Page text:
Mr. Speaker, I would like to thank you for the opportunity to address this issue and to inform the House that I will be splitting my time with the Parliamentary Secretary to the Minister of Citizenship and Immigration.
The motion before the House deals with what we do with our international development assistance and our desire to focus on maternal and child health at this year's G8 summit. We will be voting against this motion, as it is a transparent attempt to reopen the abortion debate, which we said we had no intention of getting into. By voting against the motion we are proving that we will not reopen the abortion debate. In addition, the motion contains rash and extreme anti-American rhetoric that we cannot, as a matter of foreign policy, support.
As the members opposite should know, the mandate of the Canadian International Development Agency is to reduce poverty in developing countries, especially among the most vulnerable populations, including women and children. To do so, the Government of Canada has committed to making Canada's international assistance more targeted and effective, and to improve the reporting of results to Canadians. We are untying aid, we are becoming more focused and we have identified and are implementing thematic priorities that guide development work.
For decades it was common practice by donors to pledge their aid with strings attached, requiring that goods and services be acquired in the donor country. The Organization for Economic Co-operation and Development estimates that tied aid makes international contributions 30% to 35% less effective. In April 2008, Canada fully untied its food aid. Agencies such as the World Food Programme can now use Canada's money and buy the appropriate food at the best prices in the areas closest to the need. In addition, Canada announced last September that it would fully untie all aid in 2012-13.
As well, for far too long, Canada's bilateral aid was spread very thinly among many countries and the results were very difficult to assess. That is why CIDA committed to investing 80% of its bilateral resources in 20 countries. Our intent is to improve coordination, achieve greater results and provide more targeted resources to those who are in need. Our countries of focus are developing countries where we think Canada can have the greatest impact, including a limited number of states in crisis and transition, like Afghanistan, Haiti and Sudan. Overall the government chose the 20 countries based on their real needs, their ability to use aid effectively and their alignment with Government of Canada priorities. We are also decentralizing more staff to the field, giving us direct access to our partner governments and organizations.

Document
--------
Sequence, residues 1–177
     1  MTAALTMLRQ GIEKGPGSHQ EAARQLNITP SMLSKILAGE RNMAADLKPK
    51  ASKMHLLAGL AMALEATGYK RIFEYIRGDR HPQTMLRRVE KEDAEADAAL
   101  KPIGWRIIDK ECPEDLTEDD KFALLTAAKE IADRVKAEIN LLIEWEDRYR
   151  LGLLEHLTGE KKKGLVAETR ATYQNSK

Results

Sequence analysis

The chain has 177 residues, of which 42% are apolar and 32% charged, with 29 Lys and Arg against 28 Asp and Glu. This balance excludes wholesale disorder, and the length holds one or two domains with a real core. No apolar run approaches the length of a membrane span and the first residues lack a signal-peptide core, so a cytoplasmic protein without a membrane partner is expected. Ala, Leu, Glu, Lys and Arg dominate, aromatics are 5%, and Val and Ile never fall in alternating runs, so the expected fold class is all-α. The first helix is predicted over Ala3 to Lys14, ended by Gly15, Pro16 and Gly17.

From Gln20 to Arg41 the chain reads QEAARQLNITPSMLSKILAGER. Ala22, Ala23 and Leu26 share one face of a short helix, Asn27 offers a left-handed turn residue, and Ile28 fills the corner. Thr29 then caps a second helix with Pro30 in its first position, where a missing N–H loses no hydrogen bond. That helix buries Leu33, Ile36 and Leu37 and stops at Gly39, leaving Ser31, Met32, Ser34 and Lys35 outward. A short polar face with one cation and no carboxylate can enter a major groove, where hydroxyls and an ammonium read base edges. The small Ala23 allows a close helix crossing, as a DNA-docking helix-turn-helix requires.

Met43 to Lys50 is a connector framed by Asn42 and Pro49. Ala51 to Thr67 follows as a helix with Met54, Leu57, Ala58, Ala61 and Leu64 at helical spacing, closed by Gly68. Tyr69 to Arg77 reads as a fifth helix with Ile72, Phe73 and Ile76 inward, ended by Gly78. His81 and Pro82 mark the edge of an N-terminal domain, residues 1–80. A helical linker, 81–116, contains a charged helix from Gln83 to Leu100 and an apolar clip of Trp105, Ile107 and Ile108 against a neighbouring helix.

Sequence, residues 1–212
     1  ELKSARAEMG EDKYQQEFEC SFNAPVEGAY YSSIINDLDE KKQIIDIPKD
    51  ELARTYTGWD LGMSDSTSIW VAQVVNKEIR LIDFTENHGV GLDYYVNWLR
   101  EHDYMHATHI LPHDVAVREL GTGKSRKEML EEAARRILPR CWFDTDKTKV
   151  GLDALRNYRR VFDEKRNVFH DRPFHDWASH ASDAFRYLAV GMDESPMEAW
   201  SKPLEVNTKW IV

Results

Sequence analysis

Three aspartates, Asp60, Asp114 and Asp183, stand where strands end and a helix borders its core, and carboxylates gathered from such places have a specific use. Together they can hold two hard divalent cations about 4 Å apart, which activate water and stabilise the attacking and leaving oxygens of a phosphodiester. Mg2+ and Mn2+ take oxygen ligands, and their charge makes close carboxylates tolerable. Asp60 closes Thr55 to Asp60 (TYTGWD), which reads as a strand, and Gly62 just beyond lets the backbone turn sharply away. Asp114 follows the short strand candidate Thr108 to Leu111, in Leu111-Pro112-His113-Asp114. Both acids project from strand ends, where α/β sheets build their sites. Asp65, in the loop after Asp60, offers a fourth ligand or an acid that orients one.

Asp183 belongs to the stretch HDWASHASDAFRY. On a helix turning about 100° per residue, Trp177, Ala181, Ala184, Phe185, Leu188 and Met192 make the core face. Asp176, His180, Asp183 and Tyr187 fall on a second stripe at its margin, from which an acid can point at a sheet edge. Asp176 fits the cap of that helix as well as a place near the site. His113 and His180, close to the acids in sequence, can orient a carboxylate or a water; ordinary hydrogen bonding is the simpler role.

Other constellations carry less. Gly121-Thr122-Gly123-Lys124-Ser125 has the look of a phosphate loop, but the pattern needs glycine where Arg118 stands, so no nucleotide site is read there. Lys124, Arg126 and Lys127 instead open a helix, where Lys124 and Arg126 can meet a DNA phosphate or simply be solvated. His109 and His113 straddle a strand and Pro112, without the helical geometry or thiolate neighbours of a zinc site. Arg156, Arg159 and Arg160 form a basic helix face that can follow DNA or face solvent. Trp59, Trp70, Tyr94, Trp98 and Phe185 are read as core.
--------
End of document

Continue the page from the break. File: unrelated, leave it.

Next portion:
At the same time, other countries continue to receive Canadian development assistance in various ways: through humanitarian assistance, through multilateral channels like United Nations organizations, and through the support of Canadian NGOs with a presence in many developing countries.
To give our international assistance greater impact, CIDA is focusing its work on three main themes: stimulating sustainable economic growth, increasing food security and securing the future of youth and children. This last theme, children and youth, is central to the motion before us today. Economic growth is the key to self-reliance. There is no doubt that developing country economies need access to the global economy and to infrastructure to bring their products to market, whether in other parts of the country, the region, or internationally.
Regarding food security, Canada has shown consistent leadership in responding to food security needs in the developing world. The announcement of CIDA's new food security strategy on World Food Day last October 16 by the Minister of International Cooperation demonstrates our renewed and strengthened commitment to this critical issue. Yet food security is also one of the most important and preventable obstacles to alleviating poverty. That is why CIDA's food security strategy will focus on increasing the availability of and access to quality nutritious food, as well as increasing the stability of food supplies and supporting improved governance of the global food system.